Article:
All Articles Tagged "african american income"
by Randy Williams
As recent data has shown, the net worth of Whites is now about 20 times that of African-Americans. Between 2005 and 2009 the household wealth of African-Americans fell a staggering 53%. Maybe more detailed numbers will put the canyon that is the Black wealth gap in greater perspective: The average White household in the United States has $113,149 in wealth while the average Black household has only $5,677. In spite of what the statistics say, closing the wealth gap is still possible, but several changes must be made in order for this to happen. Here are seven words that can completely transform the economic outlook for African-Americans.
Collaboration – How can one of the most imitated and influential cultures ever suffer from such drastic economic frailty? Historically, our culture is one that stresses individuality and harbors a “I-have-mine-now-you-get-yours” mentality that has weakened black families for decades. As studies have shown, Black families have very few resources individually; however, by pooling our resources together we dramatically increase the power of our communities. Essentially, this power can then be used to build businesses, promote social interests and lessen the individual burdens that many of us face. Collaboration also becomes a breeding ground for new ideas and concepts that were previously unavailable. Studies predict that by the year 2013, the spending power of African-Americans is expected to reach $1.2 trillion, proving that together we are a force to be reckoned with.
The dwindling wealth of black families is very real. Marketwatch highlighted this issue recently pointing out that the recession has hit black families harder than other racial groups. Median household income for blacks fell 7.2% from 2007 to 2009, as compared to 4.2% decline for whites or the 4.9% drop in Hispanics’ income, according to the Census Bureau. In addition, the Marketwatch report points out that “the typical black family had about three times as much wealth in 1983 than it did in 2009 — $6,300 in inflation-adjusted terms in 1983 compared with just $2,200 in 2009.”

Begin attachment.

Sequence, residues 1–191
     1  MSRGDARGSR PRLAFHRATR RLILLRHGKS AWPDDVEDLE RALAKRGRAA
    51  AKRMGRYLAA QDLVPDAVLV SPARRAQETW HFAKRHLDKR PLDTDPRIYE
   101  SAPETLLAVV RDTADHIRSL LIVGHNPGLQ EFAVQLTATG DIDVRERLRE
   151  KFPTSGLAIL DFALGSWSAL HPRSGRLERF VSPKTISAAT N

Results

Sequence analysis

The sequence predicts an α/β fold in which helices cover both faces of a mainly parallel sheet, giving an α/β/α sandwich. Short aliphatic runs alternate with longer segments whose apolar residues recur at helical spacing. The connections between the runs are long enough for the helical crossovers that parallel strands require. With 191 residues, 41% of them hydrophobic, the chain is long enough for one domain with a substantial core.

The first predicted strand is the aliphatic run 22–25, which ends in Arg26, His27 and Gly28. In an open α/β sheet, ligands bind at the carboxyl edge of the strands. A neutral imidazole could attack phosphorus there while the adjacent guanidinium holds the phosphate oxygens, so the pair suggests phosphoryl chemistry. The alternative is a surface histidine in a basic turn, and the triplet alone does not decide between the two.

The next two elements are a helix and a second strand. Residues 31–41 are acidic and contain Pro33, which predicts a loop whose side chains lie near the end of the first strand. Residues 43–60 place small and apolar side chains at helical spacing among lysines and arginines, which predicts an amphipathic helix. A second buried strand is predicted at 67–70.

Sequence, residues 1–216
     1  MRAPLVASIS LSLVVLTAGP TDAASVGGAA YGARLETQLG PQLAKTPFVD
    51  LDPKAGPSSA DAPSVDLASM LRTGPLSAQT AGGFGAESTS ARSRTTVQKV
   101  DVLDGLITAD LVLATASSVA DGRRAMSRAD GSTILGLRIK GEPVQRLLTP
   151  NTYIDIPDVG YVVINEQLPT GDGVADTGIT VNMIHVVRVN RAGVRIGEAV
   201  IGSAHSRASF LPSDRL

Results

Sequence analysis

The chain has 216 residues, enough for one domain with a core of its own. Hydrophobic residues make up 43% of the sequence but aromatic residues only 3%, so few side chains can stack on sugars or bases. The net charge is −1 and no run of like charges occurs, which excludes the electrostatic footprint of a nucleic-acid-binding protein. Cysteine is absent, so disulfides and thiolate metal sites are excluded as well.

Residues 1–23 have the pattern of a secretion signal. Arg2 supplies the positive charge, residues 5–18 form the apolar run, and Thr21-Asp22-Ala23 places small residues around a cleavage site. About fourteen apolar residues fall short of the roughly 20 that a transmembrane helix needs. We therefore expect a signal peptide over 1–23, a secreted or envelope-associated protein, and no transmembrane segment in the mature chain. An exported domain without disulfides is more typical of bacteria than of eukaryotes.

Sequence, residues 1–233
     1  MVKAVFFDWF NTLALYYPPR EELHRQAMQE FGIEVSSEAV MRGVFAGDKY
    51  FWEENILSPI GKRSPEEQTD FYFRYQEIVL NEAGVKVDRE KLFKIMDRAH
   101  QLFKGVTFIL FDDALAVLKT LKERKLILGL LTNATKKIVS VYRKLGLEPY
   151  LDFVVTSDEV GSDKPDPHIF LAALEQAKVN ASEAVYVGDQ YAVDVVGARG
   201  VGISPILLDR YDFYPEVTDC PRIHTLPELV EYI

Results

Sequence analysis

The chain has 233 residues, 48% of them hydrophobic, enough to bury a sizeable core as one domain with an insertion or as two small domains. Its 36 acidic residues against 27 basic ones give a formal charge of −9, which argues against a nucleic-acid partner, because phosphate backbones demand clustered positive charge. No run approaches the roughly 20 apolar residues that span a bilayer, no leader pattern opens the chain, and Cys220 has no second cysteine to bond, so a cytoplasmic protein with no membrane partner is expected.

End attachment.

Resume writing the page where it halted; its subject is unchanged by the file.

Why is it that, with more opportunities and with the technology revolution, has our wealth dwindled?Part of the reason is that Blacks didn’t take advantage of the home ownership. After peaking near 50% in 2004, the ownership rate for blacks fell to 47% by the time the bubble burst in 2006, according to the Census Bureau. Couple that with the fact that those who did own their homes were most susceptible to sub-prime mortgage loans and predatory lending. The lack of wealth puts each generation in a deficit of sorts. With children of these families having to take out bigger student loans than their counterparts, they graduate with more pressure and more debt that they will hope to reconcile by the time they have kids.
But it’s not all bleak, depending on how you look at it. ABC news released its own report, asserting that the number of black-owned businesses in the U.S. increased by 60.5% to 1.9 million between 2002 and 2007, more than triple the national rate according to U.S. Census data released Tuesday. The number of businesses across the country increased by 18% in the same amount of time.How is it that we own more businesses but cannot claim more wealth? The business activity may be there but we can’t assess how well those businesses are being run.
To read more, check out Marketwatch